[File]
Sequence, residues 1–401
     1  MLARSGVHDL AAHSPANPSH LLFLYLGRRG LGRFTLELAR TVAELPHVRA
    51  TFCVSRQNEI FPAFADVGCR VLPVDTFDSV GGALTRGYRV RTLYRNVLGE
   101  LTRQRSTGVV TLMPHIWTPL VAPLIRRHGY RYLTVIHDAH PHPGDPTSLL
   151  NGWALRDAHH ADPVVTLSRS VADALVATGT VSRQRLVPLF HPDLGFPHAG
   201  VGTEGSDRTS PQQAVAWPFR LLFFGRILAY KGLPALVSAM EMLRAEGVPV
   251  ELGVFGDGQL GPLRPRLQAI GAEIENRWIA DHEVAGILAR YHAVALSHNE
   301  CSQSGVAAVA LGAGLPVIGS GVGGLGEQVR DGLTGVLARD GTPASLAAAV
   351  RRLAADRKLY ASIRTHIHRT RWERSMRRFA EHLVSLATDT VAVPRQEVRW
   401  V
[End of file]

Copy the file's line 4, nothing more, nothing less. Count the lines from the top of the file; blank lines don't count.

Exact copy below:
   101  LTRQRSTGVV TLMPHIWTPL VAPLIRRHGY RYLTVIHDAH PHPGDPTSLL